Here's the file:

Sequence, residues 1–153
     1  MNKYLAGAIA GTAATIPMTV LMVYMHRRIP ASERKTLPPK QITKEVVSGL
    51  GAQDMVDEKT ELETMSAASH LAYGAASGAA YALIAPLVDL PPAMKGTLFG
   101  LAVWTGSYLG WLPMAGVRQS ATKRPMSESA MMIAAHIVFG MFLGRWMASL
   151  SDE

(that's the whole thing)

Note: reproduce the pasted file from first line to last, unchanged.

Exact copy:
Sequence, residues 1–153
     1  MNKYLAGAIA GTAATIPMTV LMVYMHRRIP ASERKTLPPK QITKEVVSGL
    51  GAQDMVDEKT ELETMSAASH LAYGAASGAA YALIAPLVDL PPAMKGTLFG
   101  LAVWTGSYLG WLPMAGVRQS ATKRPMSESA MMIAAHIVFG MFLGRWMASL
   151  SDE